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The regulations will enable OPRED to recover the costs, which we do not want to pass on to the taxpayer. I therefore commend them to the Committee.

Question put and agreed to.

Sizewell C Nuclear Power Station

Paul Scully Excerpts
Thursday 12th May 2022

(2 years, 1 month ago)

Written Statements
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Paul Scully Portrait The Parliamentary Under-Secretary of State for Business, Energy and Industrial Strategy (Paul Scully)
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This statement concerns an application for development consent made under the Planning Act 2008 by NNB Generation Company (SZC) Ltd for the construction and operation of a nuclear power station near Leiston in Suffolk.

Under section 107(1) of the Planning Act 2008, the Secretary of State must make a decision on an application within three months of the receipt of the examining authority’s report unless exercising the power under section 107(3) of the Act to set a new deadline. Where a new deadline is set, the Secretary of State must make a statement to Parliament to announce it. The current statutory deadline for the decision on the Sizewell C nuclear power station application is 25 May 2022.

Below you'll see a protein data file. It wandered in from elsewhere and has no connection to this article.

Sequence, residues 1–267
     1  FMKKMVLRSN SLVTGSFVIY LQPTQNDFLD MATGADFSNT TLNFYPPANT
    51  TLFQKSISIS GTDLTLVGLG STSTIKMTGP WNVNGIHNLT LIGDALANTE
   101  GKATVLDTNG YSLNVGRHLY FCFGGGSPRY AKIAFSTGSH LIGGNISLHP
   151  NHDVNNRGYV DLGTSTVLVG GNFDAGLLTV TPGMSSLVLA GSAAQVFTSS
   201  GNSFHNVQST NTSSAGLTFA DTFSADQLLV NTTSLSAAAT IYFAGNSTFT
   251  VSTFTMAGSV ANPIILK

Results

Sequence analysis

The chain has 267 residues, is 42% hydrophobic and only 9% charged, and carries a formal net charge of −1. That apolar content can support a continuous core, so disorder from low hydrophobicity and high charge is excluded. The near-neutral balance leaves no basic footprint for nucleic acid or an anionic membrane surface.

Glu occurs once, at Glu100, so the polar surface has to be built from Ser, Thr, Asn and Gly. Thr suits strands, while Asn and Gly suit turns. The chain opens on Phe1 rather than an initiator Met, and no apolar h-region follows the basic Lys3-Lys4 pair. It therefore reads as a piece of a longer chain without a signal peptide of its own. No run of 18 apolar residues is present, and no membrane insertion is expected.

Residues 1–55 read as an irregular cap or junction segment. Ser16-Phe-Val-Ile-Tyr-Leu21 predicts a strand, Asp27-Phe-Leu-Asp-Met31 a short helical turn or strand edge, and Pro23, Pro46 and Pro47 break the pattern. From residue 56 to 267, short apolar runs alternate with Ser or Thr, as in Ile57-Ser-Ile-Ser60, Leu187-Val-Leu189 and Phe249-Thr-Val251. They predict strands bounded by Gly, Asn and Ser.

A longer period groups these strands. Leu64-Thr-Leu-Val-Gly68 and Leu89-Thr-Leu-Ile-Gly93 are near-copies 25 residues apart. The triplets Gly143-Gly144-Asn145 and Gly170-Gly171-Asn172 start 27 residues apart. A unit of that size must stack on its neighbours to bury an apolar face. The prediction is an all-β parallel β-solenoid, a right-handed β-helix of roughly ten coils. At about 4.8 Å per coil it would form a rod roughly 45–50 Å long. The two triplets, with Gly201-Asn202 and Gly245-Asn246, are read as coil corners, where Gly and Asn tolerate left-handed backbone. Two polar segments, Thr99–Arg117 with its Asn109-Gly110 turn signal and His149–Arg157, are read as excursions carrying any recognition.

I have decided to set a new deadline of no later than 8 July 2022 for deciding this application. This is to ensure there is sufficient time to fully consider further information provided by the applicant and interested parties in response to the Secretary of State’s post-examination consultation.

The decision to set the new deadline for this application is without prejudice to the decision on whether to grant or refuse development consent.

[HCWS17]